32. Sean,

    You wrote:

    “This entire thread offers prime testimony as to the failure of the post-Vatican II ecclesial structure. The clashing opinions of so many laity here on this thread is what priests face everyday in their parishes—and which consumes so much of their time on parish politics.”

    If you read your Church history, there were clashing opinions amongst the laity and between laity and clergy and even amongst the clergy long before 1965.

    The issue is not structural, it is systemic. It has little to do with Vatican II, and everything to do with the crisis of fatherhood in society and the Church.

    Regarding the misconduct of the music leader, I believe I did say that in the very least she should receive a formal warning, and would even go so far as to say be placed on probation. (One more issue and you are out!) Then again, I think as with many an issue of poor performance, leadership has some accountability for the problem. The goal should be to win her heart and mind to the vision, or in the very least to help ensure her behavior conforms to it.

    In ICXC,

    Gordo

  33. Gavin says:

    peretti: “Look for the “compassionate” modernists to turn to some pretty ugly things, including vandalism and intimidation.

    Mr. Possenti: “She never would have made it to her “keyboard.” And had she tried, a well placed .45 would have rendered said “keyboard” as irrelevant as the directress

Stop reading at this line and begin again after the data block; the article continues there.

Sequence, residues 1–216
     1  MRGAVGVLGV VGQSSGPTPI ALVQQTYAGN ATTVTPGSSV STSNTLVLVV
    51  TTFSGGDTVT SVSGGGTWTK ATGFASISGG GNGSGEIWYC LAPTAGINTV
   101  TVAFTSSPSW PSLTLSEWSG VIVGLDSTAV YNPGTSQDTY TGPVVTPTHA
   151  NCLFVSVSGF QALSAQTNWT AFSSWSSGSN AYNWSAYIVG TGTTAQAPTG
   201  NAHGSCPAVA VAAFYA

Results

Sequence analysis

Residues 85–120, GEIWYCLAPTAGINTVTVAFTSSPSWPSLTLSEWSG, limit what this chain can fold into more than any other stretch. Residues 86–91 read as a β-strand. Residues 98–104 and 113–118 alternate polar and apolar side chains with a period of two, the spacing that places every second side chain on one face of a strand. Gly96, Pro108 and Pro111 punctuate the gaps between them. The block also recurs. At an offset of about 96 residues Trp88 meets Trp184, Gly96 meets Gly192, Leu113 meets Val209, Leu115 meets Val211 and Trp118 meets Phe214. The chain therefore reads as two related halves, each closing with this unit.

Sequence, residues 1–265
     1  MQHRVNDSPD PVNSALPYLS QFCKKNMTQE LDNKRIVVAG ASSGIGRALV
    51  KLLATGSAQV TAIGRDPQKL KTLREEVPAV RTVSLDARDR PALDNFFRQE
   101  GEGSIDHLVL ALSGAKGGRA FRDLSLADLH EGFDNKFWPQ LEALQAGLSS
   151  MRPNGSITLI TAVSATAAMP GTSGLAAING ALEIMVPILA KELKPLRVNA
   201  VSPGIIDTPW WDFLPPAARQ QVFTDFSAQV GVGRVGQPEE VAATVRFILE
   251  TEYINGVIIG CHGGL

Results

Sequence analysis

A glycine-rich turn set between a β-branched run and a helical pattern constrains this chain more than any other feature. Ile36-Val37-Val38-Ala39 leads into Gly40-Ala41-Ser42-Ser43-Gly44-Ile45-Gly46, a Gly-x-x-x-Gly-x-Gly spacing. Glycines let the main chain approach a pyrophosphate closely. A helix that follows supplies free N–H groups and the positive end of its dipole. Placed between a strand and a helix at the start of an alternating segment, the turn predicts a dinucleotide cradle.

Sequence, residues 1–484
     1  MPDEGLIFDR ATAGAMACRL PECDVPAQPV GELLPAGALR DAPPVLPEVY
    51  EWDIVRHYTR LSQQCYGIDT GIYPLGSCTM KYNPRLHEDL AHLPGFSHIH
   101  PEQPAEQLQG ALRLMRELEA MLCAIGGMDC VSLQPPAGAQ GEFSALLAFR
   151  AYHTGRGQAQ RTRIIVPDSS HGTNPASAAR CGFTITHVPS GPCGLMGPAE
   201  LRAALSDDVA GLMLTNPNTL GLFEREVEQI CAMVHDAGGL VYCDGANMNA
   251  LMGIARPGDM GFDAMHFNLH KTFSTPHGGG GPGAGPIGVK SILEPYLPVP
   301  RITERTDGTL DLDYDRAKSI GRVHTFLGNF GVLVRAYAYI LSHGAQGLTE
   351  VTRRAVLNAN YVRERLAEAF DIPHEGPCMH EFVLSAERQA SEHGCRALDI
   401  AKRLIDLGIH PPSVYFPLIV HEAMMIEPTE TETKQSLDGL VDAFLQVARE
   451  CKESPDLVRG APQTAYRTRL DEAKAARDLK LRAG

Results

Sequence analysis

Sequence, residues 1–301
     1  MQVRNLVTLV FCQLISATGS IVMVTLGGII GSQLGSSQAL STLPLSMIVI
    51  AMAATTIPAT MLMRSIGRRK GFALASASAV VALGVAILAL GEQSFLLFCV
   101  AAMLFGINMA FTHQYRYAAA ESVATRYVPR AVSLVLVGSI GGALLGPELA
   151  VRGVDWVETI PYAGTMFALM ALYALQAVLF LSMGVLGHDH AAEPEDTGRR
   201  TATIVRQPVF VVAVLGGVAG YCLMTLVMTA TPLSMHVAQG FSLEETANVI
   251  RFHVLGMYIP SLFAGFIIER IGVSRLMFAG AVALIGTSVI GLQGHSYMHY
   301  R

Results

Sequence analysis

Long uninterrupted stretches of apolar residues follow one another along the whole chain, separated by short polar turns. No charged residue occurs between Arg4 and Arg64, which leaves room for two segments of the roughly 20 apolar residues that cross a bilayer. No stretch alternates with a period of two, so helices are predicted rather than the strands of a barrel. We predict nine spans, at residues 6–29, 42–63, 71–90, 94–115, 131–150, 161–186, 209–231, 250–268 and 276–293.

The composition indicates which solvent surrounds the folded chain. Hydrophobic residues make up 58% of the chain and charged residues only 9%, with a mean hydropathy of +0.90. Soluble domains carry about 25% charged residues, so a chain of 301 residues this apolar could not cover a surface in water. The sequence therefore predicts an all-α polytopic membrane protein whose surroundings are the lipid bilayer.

Vandalism and intimidation, anyone? As a “music type” skilled in Latin and chant, I will have to remember Mr. Possenti’s name so to make sure I am never employed by his parish!

  34. B Knotts says:

    It does appear that perhaps more notice could have been given in this case, but this in no way excuses the behavior of the music director, who should take (or be given) some time off, for her own good.

    One of the things that we all need to remember is that we do not own the liturgy. It is given to us by Christ through the Church, and while we can use our talents to try to present it in the best way we can, it is not a show, and we must accept that there will be times when things are not quite to our liking.

  35. The last time my chant choir sang at a Mass, we were sabotaged by the cantoress.
    She was very cooperative during rehearsal, and agreed when she was told not to
    sing at a mic, and not to wave her arms to direct the congregation, and that she
    needed to blend in with the choir; but then at Mass, she deliberately did all
    these things, plus ruined all our cues and started us singing the hymn for the
    preparation of the gifts at the time we were supposed to say the Creed. She is
    the right hand man for the director of music at that parish, who isn’t even
    Catholic and who is downright hostile toward us, and everything she did was at
    his direction (and I know this because she said so herself).

  36. Hammerbrecher says:

    Thats Father to you Gavin.

  37. I am shutting off comments. This is too nasty.